Queensland Premier Annastasia Palaszczuk has announced a “Super Pfizer Weekend” to increase vaccine coverage as the rollout in her state lags behind the rest of Australia.
The expanded vaccine rollout comes as more Pfizer supplies arrive, with about 38 percent of Queenslanders currently fully vaccinated and about 57 percent with a single dose.
Queensland and Western Australia both currently have strict COVID-19 limit measures, and both have some of the lowest vaccination rates in the country.
Palaszczuk hopes the “super weekend for immunizations” will boost vaccinations, with all 80 state-run vaccination centers accepting walk-ins on Saturdays and Sundays.
“Last week, we put 146,182 doses in the strong arms of Queenslanders, on Monday 189,450 Pfizer doses arrived: let’s use a lot,” she told Queensland Parliament on Wednesday.
“As they say in Ekka—’Roll up, roll up, roll up to the vaccination clinic, roll up to your GP, roll up to your pharmacy, roll up your sleeves and take your best shot.
“Other states have to fight just to taste freedom; We have to fight to keep our grip,” she said.
While half of Australia’s population is currently locked down under extreme COVID-19 measures in New South Wales, Victoria and the ACT, Queensland has fared relatively well with less severe outbreaks.
Although there has been an outbreak of the delta version of the CCP (Communist Party of China) virus, commonly known as the novel coronavirus, the state has not required a prolonged lockdown to suppress the spread.
Now that the Commonwealth has secured much of Pfizer’s supply, Palaszuk said state vaccination centers will begin offering that vaccine to people over the age of 60 later this week.
So far, that age group has only been offered Vaxzervia, formerly known as AstraZeneca. Vaxzervia is how the vaccine is known in European countries and Canada.
Palaszczuk said giving people a choice of vaccines would help increase vaccine coverage.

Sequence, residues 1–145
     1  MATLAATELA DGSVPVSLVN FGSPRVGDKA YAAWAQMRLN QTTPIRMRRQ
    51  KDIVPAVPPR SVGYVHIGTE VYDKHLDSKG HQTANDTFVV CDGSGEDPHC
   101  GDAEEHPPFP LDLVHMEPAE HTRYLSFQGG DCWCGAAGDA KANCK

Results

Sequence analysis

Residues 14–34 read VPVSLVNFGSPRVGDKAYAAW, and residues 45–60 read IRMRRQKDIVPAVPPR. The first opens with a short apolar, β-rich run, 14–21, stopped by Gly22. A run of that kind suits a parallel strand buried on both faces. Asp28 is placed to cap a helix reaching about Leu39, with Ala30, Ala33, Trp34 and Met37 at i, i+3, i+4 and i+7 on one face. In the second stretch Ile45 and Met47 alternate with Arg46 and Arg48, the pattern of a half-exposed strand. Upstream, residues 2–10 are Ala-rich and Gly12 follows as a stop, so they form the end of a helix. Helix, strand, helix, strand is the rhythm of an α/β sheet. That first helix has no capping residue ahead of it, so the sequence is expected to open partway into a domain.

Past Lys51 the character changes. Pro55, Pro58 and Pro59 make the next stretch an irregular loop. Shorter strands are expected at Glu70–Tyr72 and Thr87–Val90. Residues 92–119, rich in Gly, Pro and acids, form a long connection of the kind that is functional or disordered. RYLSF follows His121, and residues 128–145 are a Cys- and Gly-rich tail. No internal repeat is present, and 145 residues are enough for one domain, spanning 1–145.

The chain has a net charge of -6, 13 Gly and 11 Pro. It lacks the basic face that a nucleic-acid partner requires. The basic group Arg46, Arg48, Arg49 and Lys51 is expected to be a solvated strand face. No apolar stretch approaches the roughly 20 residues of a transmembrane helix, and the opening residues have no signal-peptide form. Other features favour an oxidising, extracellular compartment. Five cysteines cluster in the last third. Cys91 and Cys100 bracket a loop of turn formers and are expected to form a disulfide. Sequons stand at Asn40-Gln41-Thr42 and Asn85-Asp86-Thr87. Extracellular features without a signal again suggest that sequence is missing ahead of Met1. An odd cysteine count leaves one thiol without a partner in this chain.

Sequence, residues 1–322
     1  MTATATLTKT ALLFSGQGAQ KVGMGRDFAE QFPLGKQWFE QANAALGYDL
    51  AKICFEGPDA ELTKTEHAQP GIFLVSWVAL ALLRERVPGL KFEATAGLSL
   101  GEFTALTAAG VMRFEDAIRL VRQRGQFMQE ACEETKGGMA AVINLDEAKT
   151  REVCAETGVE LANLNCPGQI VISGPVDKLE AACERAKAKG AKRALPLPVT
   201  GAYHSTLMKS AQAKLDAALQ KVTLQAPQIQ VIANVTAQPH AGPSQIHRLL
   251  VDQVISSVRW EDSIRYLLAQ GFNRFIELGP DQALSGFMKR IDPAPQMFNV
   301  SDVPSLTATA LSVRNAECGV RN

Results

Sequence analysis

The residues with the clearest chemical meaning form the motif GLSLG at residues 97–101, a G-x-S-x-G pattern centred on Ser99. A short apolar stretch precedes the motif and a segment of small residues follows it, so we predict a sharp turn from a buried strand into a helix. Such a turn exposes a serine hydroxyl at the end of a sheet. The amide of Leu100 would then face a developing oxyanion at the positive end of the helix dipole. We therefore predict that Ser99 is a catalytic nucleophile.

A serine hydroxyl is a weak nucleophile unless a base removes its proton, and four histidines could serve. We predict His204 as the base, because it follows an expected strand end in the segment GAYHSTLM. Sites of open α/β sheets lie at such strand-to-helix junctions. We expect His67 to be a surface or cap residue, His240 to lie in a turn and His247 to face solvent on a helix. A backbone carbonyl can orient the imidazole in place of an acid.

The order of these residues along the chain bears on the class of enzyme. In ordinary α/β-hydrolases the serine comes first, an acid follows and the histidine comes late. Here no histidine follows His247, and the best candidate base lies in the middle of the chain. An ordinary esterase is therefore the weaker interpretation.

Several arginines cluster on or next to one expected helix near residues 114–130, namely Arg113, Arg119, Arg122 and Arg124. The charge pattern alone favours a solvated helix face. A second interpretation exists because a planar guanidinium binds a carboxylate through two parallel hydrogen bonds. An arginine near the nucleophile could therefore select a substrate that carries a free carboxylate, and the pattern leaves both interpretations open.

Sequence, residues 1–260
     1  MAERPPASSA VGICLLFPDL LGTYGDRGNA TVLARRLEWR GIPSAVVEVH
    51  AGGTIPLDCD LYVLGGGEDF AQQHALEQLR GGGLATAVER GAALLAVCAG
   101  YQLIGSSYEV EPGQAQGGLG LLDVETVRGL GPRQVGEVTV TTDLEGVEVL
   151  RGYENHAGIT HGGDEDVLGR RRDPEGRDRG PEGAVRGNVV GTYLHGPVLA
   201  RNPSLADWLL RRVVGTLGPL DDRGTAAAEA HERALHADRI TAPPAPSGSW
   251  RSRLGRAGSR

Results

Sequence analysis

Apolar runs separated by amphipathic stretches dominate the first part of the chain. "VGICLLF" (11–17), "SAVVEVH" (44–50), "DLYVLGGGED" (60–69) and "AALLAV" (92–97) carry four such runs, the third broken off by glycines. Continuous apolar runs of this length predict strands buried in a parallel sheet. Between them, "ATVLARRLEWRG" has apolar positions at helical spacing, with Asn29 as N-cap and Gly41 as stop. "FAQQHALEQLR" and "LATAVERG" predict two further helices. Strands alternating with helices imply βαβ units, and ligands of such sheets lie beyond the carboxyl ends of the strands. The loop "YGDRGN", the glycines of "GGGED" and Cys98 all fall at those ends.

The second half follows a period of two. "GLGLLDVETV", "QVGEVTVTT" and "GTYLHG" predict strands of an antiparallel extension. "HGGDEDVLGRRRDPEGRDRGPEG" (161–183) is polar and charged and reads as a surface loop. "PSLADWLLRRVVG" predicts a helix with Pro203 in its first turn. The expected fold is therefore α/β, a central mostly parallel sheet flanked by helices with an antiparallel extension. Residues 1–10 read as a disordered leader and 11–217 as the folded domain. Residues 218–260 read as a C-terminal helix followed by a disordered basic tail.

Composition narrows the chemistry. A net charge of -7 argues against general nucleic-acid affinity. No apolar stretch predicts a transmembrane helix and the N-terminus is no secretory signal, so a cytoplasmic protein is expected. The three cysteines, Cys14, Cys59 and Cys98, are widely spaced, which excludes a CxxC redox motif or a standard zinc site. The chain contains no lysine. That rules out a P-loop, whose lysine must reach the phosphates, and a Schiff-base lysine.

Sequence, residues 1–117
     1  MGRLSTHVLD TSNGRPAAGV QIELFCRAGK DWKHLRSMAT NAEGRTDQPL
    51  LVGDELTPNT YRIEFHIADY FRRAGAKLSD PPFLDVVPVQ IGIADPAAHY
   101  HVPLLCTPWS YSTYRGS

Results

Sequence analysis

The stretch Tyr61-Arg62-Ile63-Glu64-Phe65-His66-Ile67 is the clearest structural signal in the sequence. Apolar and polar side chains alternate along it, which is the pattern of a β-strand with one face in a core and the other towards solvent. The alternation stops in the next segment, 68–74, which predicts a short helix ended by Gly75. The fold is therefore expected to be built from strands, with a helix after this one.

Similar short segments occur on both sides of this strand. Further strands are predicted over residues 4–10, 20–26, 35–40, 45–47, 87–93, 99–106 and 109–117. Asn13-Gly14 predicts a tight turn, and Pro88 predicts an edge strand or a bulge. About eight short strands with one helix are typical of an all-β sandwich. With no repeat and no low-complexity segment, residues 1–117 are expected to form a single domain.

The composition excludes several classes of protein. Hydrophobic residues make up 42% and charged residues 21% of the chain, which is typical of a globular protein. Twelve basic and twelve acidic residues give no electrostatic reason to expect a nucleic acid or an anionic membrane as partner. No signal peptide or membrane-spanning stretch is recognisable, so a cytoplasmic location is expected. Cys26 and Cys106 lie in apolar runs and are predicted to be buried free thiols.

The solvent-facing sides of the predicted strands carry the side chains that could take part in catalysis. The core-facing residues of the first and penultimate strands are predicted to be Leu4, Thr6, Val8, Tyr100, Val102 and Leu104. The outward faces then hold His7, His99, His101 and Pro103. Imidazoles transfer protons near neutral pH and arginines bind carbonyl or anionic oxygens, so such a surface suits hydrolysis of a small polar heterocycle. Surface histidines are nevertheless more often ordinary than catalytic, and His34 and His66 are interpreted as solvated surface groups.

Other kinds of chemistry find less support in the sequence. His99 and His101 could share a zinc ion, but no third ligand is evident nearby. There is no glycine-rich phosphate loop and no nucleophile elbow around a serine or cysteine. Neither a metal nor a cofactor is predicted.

“They told me loud and clear that they want an alternative to vaccines, well, I say let’s give it to them,” she said.
Queensland’s Leader of the Opposition David Crisafuli said the poor vaccine coverage was due to the premier’s own hesitation about the Vaxjeveria jab.
When Palaszczuk first qualified for that vaccine, she delayed, saying she needed to get her flu shot first.
Premier was forced to delay a second time after she was bitten by her dog and required a tetanus jab.
She was required to be fully vaccinated before traveling to Tokyo in late July to make a pitch to support Brisbane’s 2032 Olympic bid.
However, it was too late for her to get AstraZeneca by then, so she got the Pfizer vaccine instead.
Crisafuli said Queenslanders looked to Palaszczuk for leadership and his hesitation to get the vaccine.
“If your state leaders are effectively finding excuses for not getting vaccinated when their time is up, I would suggest that an everyday Queenslander say, ‘Well, maybe she knows something we don’t. ‘.
“Well, the truth is, she doesn’t; it (AstraZeneca/Vaxjeveria) is safe.”
Meanwhile, Crisafuli declined to comment on Chief Health Officer Janet Young’s warning earlier this year that people under 18 could die if they had had the AstraZeneca vaccine.
Queensland reported no new virus cases after more than 15,800 tests in 24 hours since 6.30 am on Wednesday.
AAP contributed to this report.
This News Originally From – The Epoch Times